Detractors of this concept of human-to-human contact through online conversations
suggest that companies are going to be careful about marketing in this
manner and perhaps will never really have honest and open conversations
as the interests of companies and businesses are not the interests of
potential purchasers. The cluetrain manifesto allows for this type of
thinking suggesting that businesses when marketing in this manner need
to be thinking about more than just making money; if a business is thinking
only about making money, it will become apparent in close online conversations
and the market will treat that business in whatever manner it may as markets
can now talk to each other through the same means marketers talk to potential
Online Marketing Activities
Smith and Chaffey (2001) describe five key online marketing activities (the '5Ss') which can be applied by an organisation to immplement various online marketing tactics. For example, for an e-newsletter, the 5Ss are:
Capturing attention of potential customers can be as simple as advertising using some of the new advertising tools the online world provides, such as advertising on search engines, but it can also be about configuring more remarkable methods that tend to spread across many sites and capturing the imagination of many people in the process. There are at least three major configurations of links and tools that have been used to capture attention online: funnel building, buzz marketing and cool tools.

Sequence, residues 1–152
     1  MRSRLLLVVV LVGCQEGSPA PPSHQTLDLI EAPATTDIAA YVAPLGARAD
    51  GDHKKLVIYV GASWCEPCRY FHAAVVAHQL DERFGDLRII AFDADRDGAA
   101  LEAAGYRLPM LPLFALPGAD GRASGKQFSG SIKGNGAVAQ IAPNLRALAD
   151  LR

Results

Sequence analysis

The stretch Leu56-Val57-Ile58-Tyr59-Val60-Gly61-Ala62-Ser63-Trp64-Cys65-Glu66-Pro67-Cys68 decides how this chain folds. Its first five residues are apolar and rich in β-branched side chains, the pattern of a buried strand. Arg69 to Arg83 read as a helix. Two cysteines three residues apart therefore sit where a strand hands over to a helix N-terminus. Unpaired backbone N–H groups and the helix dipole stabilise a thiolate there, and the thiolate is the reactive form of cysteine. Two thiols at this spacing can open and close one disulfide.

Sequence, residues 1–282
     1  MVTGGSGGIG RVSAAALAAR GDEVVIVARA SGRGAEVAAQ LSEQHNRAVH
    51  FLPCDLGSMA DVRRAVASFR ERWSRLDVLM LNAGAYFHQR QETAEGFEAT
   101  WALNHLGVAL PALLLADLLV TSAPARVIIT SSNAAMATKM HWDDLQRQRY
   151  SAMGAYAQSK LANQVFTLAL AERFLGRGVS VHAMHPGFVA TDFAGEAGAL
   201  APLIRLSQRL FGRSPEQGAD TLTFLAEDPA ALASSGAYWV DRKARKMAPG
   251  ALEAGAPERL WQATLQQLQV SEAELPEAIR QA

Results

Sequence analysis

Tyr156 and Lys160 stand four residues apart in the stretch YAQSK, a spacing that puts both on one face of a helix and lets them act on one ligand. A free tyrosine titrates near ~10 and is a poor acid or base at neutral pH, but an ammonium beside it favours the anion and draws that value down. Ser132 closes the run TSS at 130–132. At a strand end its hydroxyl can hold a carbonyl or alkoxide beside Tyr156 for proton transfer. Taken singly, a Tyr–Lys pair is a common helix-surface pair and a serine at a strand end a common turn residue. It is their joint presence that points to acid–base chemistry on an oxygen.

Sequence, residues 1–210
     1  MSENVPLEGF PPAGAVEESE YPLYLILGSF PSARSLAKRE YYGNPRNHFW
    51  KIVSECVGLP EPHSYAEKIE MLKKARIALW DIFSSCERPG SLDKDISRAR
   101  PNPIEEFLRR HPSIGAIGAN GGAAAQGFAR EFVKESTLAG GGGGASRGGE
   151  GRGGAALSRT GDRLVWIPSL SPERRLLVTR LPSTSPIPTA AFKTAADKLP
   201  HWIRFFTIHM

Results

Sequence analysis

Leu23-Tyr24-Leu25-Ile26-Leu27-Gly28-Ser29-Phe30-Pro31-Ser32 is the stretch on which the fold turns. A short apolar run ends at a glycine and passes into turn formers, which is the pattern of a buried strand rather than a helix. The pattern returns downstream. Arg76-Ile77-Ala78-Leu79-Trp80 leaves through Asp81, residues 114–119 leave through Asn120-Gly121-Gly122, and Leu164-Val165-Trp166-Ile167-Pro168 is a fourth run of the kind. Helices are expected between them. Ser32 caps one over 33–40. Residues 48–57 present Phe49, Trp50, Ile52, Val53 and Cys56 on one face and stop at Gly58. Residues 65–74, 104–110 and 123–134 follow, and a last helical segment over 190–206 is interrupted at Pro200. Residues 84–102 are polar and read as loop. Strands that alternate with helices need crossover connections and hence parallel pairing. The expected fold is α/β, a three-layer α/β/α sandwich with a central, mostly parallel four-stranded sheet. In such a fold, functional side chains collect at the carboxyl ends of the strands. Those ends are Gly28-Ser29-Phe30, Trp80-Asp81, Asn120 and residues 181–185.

Building a sales funnel requires working with search engine optimization, email newsletter distribution, discussion board entries, advertisements, affiliate activities and more. In fact, any way that additional links can be provided so that a potential customer can begin a conversation with a business, is educated about that business' products/services, or is provided with concepts and propositions that will eventually lead to a sale. A funnel is usually laid down over time and is the result of continuous activity of marketers in online activities.
Buzz marketing tends to be a much quicker process and tends to involve less activity on behalf of marketers and requires attention of people online to spread by word-of-mouth, word-from-keyboards, to be fascinated or intrigued. Purple cow was sold largely through buzz marketing that spread by blogs relatively quickly.
Another tactic of gaining attention online is through the development and release of a cool tool. A cool tool is something that captures the imagination of the online browsing public and it is thought to be so cool that it should be shared with online friends. This could be a video clip, standalone software that is cute such as a cartoon character that lives on a users screen, or some other device that is used often for a specific purpose, such as 3Ms Post-it Notes.